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Munich Paperback – 14 Jun 2018
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"Grips from start to finish . . . Munich captures the mood of the times: the suspicion and the fear, the political intrigue, the swagger of the Nazi machine and the widespread elation at the mistaken belief that war has been averted. Superb." (Simon Humphreys Mail on Sunday)
"Harris’s cleverness, judgment and eye for detail are second to none . . . his research is so impeccable that he could have cut all the spy stuff and published Munich as a history book. Harris’s treatment of Britain’s most maligned prime minister is so powerful, so persuasive, that it ranks among the most moving fictional portraits of a politician that I have ever read" (Dominic Sandbrook Sunday Times)
"An intelligent thriller . . . with exacting attention to historical detail" (The Times, BOOKS OF THE YEAR)
"Atmospheric and fast-paced literary thriller . . . [it] grips from start to finish . . . Superb" (Mail on Sunday)
"Unputdownable to the point of being dangerous: the house could have been on fire while I was reading and I wouldn’t have noticed" (Jake Kerridge Sunday Express)
About the Author
Robert Harris is the author of twelve bestselling novels: the Cicero Trilogy - Imperium, Lustrum and Dictator - Fatherland, Enigma, Archangel, Pompeii, The Ghost, The Fear Index, An Officer and a Spy, which won four prizes including the Walter Scott Prize for Historical Fiction, Conclave and most recently, Munich. Several of his books have been filmed, including The Ghost, which was directed by Roman Polanski. His work has been translated into thirty-seven languages and he is a Fellow of the Royal Society of Literature. He lives in West Berkshire with his wife, Gill Hornby.
From the Publisher
Munich, September 1938
Hitler is determined to start a war. Chamberlain is desperate to preserve peace. As Europe's darkest hour approaches, the fate of millions hangs in the balance.
Scroll through the images below to discover more about the sequence of events at the Munich Conference, which forms the historical backdrop of this spy novel.
22nd September 1938
24th September 1938
29th September 1938
30th September 1938
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The novel focusses on two mid-ranking diplomats, one on the German side and one British, and is set over just a few days. This gives insight into the happenings on both sides. Both characters are unobjectionable, but neither is really loveable. I didn't feel a strong connection to either and both seemed quite bland. The supporting characters, both real and imagined, aren't any better. The character I found most interesting was Chamberlain, who gets a sympathetic portrayal. History has often portrayed him as a moral coward, but in this day and age I'm pretty sure we'd be applauding his efforts to avoid a war.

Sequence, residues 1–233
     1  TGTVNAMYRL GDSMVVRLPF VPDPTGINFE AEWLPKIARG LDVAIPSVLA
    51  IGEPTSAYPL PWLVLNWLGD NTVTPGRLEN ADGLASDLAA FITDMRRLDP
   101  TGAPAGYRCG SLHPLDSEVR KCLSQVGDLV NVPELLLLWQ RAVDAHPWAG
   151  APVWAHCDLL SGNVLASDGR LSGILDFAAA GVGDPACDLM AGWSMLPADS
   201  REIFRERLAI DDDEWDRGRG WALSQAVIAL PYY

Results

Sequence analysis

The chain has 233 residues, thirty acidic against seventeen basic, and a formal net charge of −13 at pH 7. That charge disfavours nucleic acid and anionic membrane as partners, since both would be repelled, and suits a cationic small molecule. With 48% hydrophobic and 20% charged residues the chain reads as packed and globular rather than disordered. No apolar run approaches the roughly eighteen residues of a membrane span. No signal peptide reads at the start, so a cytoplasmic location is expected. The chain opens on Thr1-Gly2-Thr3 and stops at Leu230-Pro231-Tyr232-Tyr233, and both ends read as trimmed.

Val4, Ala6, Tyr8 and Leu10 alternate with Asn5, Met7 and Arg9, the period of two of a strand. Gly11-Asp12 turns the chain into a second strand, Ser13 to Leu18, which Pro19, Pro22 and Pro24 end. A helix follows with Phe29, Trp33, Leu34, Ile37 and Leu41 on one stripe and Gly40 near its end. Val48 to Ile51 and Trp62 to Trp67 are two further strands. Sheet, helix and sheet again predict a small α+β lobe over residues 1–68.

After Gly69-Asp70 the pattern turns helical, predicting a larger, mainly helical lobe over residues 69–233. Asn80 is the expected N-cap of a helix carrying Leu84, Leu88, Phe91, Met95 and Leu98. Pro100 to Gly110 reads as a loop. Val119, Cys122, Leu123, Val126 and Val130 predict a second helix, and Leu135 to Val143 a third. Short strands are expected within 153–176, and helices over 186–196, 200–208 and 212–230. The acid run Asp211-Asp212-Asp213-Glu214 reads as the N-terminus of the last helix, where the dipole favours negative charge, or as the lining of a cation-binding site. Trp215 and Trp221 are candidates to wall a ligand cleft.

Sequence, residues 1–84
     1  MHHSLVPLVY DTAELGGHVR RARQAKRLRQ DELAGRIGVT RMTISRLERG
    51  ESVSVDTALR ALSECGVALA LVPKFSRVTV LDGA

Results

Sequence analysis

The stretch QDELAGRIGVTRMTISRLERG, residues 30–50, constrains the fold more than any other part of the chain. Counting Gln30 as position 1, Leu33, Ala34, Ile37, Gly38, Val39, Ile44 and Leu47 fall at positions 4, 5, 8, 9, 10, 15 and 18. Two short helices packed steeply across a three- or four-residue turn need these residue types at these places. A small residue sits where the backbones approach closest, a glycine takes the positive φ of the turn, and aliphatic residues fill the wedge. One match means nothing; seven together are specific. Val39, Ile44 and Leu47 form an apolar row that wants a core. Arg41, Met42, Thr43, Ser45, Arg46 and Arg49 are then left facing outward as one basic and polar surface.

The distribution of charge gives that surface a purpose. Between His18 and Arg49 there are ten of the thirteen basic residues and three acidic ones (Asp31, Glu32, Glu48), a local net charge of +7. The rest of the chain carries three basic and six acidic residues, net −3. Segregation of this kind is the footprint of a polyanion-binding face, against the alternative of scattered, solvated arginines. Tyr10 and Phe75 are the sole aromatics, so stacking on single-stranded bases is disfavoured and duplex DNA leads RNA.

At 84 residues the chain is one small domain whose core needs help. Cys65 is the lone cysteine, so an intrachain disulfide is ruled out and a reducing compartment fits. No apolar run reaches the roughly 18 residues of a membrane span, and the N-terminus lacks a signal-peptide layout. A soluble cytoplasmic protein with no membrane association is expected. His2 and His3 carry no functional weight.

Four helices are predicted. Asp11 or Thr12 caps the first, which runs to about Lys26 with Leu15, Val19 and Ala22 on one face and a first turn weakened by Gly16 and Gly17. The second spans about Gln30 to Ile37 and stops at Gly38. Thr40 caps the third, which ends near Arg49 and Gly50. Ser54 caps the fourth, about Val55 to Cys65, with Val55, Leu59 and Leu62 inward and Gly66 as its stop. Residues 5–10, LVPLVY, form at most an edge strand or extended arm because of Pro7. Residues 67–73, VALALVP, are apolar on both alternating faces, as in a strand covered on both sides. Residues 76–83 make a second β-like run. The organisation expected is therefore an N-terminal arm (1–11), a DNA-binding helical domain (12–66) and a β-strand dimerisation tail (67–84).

One of the difficulties faced by Harris is that readers know the outcome in advance. You don't need to know much about history (and I know very little myself) to know World War II started in 1939. So there's never any doubt for the reader that war will be averted. This takes away a lot of the possible tension. I'd expected more peril for the characters, but there's not even that. For a spy novel, there's little spying, and for a thriller, there are few thrills. You never get the sense of the characters being in real, immediate danger. There's no heart stopping tension or compulsion to read all night.
Overall, it's a decent historical novel which I found interesting as it covers a piece of history that is often overlooked by the casual person (like me, who gave up history aged 13). Unlike most of Harris' novels, it doesn't function well as a thriller (political or otherwise) and lacks the tension that most of his novels have in spades. Read it if you're interested in the period and want to know more, but otherwise it's probably not worth it.
However as usual the novel appears to be thoroughly well researched ,as far as I'm capable of judging, and as usual well written so don't let my prejudices put anyone off reading a very good novel.